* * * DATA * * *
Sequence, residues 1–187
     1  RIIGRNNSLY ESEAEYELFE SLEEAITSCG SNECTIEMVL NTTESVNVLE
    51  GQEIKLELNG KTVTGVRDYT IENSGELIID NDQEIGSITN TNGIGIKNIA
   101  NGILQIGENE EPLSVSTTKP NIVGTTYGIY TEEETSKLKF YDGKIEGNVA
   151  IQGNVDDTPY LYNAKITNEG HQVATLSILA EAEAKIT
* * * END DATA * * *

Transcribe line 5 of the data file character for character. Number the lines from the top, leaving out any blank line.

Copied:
   151  IQGNVDDTPY LYNAKITNEG HQVATLSILA EAEAKIT